The debatable question then becomes - was the situation in the OP stablalized, and if so, when did that occur? And under what circumstances do you consider stable?

Originally posted by WTFover
In this case, the woman gripping the steering wheel does not justify repeated punches to the face.

Actually it meets criteria for the use of several different options of force, including punches to the face. Again the criteria used for looking at an officers use of force is what the officer perceieved at the exact moment force was used. I understand your argument, but it falls outside the established criteria because its based on a 20/20 hindsight view.

Originally posted by WTFover
The rest of your post, which you have now re-posted four times to prevent your point from being ignored, ignores some important points, itself.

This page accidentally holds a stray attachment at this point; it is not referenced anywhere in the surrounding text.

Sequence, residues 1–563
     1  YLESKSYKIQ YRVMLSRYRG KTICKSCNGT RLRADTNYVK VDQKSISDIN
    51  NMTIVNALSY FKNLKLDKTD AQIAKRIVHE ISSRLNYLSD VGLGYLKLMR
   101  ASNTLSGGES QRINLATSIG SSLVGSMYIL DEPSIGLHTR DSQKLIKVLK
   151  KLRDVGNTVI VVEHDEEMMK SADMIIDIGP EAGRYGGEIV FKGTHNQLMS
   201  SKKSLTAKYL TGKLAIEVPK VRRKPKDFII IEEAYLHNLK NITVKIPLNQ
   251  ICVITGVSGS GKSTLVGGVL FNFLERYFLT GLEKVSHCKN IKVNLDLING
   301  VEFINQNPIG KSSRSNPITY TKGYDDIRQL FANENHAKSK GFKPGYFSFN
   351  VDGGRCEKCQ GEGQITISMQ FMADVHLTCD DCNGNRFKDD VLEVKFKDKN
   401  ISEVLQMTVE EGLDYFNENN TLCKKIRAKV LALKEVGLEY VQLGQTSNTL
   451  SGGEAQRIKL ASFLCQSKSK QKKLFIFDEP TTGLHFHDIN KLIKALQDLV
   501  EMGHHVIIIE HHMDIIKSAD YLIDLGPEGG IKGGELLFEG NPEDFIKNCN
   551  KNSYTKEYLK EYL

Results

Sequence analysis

Ok, lets take a look.

Originally posted by WTFover

I pushed the window in and observed that the suspect was still gripping the wheel with both hands and trying to push our vehicles out of the way.

The video evidence clearly refutes this statement.

Actually it does not. Again the argument you are applying is a 20/20 hindsight. The question is, what did the officer perceive at the moment he used force? In this case, the trooper cited refusal of verbal commands, refusal to roll the window down requiring him to break the window, and his perception that the car was still running, and was still in gear. Even if you look at the second dash cam video, which does show her car learch forward, it still would be an irrelevant point (even though it supports his version of events) because the Officer was not at that vantage point.

Also, can you point out in the video where we see the inside of the suspect vehicle?

Originally posted by WTFover

She refused to comply with commands to give us her hands.

Exactly what was he going to do with her hands, since the door was still closed, preventing him from extracting her from the vehicle? Surely he wasn't going to attempt to cuff her, through the window?